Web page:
“Hood Pride” – Review Of Capone-N-Noreaga’s The War Report 2: Report The War

07.20.10 7 years ago 21 Comments

Few groups in the history of rap have displayed the sense of unity Capone-N-Noreaga has. While most coteries enjoy the highs of success and part ways during the downslide, CNN never experienced such glory days as a group and to this day, show that their bond is thicker than water by remaining together. Unassumingly making an impact with 1997’s The War Report, the streets were represented by a manifesto of urban reality bites; shady drug dealers, ruthless theoretics and death all wrapped into a cinematic package that would soon carve out a legacy. Although there was a slight disclaimer. Seeing that Capone was incarcerated for much of the album’s recording process, Noreaga fundamentally created his debut, in turn, dramatically affecting the duo’s chemistry for future releases.

Looking to take it back for the first time, Capone-N-Noreaga embark on The War Report 2: Report The War. A decent album whose shortcomings are magnified in the long shadow cast by its predecessor.

Jumping right into it, the bulk of The War Report 2’s first half is a bonanza of vintage mid-90s Hip-Hop that harbors on the group’s nostalgic origins. In case you forgot their flagrant nature, “My Attribute” is a chilly anecdote to jog your memory like it’s running for its life. Setting the scene for pure street cinematography, Scram Jones laces “Bodega Stories” with a grim and illicit melody as CNN and the Lox trade a lifetime’s worth of corner store episodes. And it’s the spaced-out “Thug Planet” that rings the loudest with delinquent pride. Familiar accomplices Imam T.H.U.G. and Musaliny help govern the world of chaos like it was 1997 all over again.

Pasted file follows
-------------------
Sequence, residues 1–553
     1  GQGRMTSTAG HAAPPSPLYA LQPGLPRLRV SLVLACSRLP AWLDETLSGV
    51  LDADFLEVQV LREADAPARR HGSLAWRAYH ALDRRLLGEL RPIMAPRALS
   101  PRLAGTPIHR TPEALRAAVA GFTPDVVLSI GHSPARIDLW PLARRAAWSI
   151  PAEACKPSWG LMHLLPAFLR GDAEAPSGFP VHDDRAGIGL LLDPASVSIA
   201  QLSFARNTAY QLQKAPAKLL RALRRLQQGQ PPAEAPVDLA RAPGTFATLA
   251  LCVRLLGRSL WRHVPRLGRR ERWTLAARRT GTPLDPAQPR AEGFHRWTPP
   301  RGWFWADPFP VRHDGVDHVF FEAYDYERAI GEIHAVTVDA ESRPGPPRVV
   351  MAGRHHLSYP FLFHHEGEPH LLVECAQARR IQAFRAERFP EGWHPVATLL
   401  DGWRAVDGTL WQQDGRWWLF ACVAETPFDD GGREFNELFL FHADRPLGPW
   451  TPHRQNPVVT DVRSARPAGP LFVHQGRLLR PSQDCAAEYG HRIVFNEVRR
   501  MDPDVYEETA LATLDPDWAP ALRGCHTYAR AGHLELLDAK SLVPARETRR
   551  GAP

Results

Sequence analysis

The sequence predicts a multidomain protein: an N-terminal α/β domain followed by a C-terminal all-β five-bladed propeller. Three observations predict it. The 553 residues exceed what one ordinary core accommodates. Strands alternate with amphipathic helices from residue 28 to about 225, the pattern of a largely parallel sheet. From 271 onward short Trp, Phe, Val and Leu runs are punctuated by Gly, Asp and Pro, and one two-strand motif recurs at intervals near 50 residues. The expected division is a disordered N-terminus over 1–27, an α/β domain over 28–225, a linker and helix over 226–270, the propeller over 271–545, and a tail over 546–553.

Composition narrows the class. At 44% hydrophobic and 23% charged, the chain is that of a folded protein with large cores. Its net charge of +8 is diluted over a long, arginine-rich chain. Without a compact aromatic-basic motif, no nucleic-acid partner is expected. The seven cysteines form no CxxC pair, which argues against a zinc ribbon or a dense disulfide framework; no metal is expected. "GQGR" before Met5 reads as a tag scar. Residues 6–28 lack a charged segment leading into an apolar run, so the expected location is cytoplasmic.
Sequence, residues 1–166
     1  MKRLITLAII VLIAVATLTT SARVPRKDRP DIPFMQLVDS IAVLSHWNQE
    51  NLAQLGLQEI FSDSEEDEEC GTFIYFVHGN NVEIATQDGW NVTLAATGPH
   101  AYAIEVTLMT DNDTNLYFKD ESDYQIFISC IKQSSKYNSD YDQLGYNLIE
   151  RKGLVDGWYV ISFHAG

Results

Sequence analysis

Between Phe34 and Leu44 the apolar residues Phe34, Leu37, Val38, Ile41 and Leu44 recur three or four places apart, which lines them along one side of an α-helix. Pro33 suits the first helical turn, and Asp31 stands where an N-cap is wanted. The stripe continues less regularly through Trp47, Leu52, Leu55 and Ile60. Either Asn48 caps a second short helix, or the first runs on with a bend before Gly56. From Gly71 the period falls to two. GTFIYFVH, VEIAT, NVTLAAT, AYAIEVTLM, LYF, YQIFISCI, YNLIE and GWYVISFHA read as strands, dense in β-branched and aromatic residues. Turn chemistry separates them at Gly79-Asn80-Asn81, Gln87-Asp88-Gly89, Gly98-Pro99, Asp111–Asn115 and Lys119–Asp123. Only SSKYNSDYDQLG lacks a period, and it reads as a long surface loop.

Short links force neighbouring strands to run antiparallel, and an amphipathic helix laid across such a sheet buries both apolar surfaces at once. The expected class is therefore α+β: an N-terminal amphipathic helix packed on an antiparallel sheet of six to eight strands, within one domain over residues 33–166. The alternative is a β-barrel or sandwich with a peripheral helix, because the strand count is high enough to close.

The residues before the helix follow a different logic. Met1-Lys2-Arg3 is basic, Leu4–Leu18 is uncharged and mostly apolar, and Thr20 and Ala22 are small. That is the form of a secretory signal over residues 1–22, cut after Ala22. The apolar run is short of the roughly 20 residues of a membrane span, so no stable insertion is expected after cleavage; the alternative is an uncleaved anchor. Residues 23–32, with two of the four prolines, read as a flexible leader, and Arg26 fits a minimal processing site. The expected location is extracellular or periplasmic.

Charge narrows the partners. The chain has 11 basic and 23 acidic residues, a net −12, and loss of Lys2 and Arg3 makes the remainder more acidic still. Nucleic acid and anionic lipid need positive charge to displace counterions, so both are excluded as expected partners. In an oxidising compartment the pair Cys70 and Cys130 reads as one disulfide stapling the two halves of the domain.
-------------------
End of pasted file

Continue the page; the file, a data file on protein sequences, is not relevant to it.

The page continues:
But the inevitable comparisons to the first LP begin to stack up in favor of the glory days. After over a decade of unified insobriety, Capone-N-Noreaga haven’t quite evolved musically and frankly, some songs are just better than others. As executive producer, Raekwon (the transparent inspiration behind veteran rappers blowing the dust off their shelved sequels) keeps it gutter in comparing “Dutches V. Phillies V. Bamboo” but his contributions on “The Reserves” and the dull Firm redux “The Oath” are less than memorable. A senseless track like “Scarface” which spends three minutes bellowing “Scarface flippin’/Scarface money/Get your face scarred playing Scarface dummy” over sporadic drums and bells sounds like the duo are forcing the issue instead of displaying the unnerving realism in deference to the original. Even generals sometimes lose their soldier skills after years on the battlefield.

With The War Report 2, the hood favorites make an honest attempt of trying to command the front lines once again. But if anything, its broadcast will tempt the troops to scroll up one album selection on the iPod and reminisce when CNN was truly at the top of New York.

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